Testing or Learning

All of us get into challenging situations. This might be a coding problem that we struggle to solve. It might be an argument with a co-worker. It could be feedback from a customer on how we dealt with them or maybe just how our app works. Our responses to a challenge might determine how we view the situation, our future actions, or even just how we react to life in the next few hours.

When someone struggles or feels as though they have failed in a situation, they tend to react in one of two ways. They can view the experience as though it were a test and they didn’t pass. This is quite common among many people, who might become sad, angry, or defensive. They might defend their approach or look for an excuse. They might seek to put the whole situation behind them and move on. This is a common reaction and one I’ve had often.

Like many people, I want to do well, and when I don’t, it can feel as though I’ve failed or I am being attacked. Whether because of my words, actions, or code, I know I’ve often reacted in a way that I somewhat regret. I will try to solve the problem better, apologize, or find some way to rectify the situation, but it still feels like some sort of personal failure.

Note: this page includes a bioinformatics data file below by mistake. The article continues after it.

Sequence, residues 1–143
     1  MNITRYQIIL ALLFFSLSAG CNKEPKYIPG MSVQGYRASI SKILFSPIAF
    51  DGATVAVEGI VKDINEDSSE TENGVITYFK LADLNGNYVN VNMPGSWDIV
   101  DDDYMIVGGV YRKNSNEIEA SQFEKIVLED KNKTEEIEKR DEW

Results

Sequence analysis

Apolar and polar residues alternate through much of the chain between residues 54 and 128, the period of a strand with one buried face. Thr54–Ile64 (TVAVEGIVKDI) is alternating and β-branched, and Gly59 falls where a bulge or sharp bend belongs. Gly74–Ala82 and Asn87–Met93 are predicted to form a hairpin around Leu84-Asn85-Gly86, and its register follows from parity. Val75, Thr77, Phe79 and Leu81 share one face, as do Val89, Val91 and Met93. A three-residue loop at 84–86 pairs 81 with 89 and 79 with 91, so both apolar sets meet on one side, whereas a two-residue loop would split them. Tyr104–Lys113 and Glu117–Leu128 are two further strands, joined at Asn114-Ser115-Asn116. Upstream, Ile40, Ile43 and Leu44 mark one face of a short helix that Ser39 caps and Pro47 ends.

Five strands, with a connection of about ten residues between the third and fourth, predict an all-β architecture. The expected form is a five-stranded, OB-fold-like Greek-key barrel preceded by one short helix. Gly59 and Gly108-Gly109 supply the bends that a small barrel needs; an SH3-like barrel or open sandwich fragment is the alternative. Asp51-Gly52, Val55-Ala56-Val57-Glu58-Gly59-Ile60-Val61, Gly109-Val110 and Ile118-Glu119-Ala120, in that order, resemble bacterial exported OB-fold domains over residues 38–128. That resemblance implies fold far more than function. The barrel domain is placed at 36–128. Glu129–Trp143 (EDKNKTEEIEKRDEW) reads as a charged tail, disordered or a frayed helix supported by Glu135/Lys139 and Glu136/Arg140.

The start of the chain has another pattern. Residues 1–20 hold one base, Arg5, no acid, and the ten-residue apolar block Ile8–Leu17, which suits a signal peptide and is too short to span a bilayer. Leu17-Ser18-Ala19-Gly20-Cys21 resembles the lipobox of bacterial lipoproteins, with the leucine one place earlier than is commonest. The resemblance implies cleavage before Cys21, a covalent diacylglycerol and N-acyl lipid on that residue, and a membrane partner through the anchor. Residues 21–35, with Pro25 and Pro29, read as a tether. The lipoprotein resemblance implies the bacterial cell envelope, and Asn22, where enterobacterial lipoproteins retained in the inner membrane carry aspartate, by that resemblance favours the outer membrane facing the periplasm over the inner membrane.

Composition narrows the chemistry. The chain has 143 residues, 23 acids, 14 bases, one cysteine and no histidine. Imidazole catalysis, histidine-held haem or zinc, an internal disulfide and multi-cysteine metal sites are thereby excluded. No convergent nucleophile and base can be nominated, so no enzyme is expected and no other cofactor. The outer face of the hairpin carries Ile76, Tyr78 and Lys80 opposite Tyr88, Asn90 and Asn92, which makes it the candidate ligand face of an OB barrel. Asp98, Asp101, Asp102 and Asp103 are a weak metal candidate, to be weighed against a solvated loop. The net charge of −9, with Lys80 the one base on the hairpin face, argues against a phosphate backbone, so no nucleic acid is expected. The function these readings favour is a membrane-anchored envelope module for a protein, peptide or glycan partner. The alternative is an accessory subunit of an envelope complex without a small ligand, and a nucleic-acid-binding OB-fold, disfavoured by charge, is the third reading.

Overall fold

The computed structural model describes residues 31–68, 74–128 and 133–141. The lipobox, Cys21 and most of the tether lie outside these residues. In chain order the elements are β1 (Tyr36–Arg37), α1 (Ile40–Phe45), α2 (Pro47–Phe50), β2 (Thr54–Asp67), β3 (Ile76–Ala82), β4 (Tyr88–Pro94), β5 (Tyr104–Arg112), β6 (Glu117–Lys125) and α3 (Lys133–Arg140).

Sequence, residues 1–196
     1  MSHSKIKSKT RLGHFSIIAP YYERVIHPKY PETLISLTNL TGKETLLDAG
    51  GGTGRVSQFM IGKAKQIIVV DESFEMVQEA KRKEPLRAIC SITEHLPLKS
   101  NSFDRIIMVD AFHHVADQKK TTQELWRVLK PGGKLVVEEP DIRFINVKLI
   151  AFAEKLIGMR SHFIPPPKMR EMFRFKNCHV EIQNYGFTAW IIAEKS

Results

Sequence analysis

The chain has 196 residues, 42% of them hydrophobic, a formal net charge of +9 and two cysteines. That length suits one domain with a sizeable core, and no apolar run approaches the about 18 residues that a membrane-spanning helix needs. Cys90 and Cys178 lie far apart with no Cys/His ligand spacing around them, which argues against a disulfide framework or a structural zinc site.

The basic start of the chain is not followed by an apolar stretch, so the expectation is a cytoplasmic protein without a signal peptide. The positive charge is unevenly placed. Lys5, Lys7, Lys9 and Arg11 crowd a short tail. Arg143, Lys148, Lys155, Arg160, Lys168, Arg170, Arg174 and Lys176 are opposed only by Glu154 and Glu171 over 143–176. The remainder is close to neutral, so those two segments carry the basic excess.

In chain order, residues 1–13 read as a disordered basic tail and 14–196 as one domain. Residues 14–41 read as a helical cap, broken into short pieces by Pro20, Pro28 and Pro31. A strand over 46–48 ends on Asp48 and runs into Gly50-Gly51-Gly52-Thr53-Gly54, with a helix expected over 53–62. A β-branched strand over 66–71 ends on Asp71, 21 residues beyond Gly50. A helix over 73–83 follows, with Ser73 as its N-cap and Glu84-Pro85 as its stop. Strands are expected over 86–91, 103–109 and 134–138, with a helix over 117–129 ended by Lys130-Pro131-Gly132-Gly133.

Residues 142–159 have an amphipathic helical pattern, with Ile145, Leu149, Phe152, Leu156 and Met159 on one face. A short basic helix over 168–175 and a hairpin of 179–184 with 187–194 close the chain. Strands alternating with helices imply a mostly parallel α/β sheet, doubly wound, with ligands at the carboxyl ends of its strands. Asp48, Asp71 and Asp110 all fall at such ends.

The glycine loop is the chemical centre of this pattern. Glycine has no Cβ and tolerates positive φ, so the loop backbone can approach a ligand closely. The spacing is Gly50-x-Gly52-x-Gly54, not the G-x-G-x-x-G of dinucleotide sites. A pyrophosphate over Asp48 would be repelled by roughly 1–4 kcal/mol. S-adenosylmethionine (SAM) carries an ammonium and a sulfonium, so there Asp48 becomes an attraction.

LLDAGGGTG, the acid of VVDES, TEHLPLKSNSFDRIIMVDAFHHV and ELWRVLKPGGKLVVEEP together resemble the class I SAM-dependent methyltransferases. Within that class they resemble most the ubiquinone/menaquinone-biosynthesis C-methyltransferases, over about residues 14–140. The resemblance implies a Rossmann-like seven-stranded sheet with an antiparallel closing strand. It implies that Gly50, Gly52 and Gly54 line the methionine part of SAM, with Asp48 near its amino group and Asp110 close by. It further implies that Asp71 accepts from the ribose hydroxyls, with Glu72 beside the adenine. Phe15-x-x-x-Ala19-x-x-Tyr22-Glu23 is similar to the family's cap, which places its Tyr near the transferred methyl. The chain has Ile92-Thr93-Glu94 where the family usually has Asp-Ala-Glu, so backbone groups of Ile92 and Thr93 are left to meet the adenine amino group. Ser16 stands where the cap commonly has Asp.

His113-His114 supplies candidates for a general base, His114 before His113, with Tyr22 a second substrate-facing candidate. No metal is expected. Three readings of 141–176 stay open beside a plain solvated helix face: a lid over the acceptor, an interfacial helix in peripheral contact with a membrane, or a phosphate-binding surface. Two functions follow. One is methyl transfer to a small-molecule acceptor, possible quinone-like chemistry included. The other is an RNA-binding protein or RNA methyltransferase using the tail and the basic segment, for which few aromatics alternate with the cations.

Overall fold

The other way to view the situation is a learning opportunity. Things didn’t go well, but how can I improve things in the future. How can I improve myself, or what can I learn? Maybe, more importantly, this reaction often has the person looking for a similar challenge and the chance to do better the next time.

How do you approach a challenge? Do you view most things as tests or learning opportunities? I tend to view many things as tests, but I am trying to change and learn how to view them as opportunities to learn. When I don’t or can’t solve a problem, I look to find out how I can improve my thinking and skills and at least solve that problem in the future.

Steve Jones

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About way0utwest

Editor, SQLServerCentral
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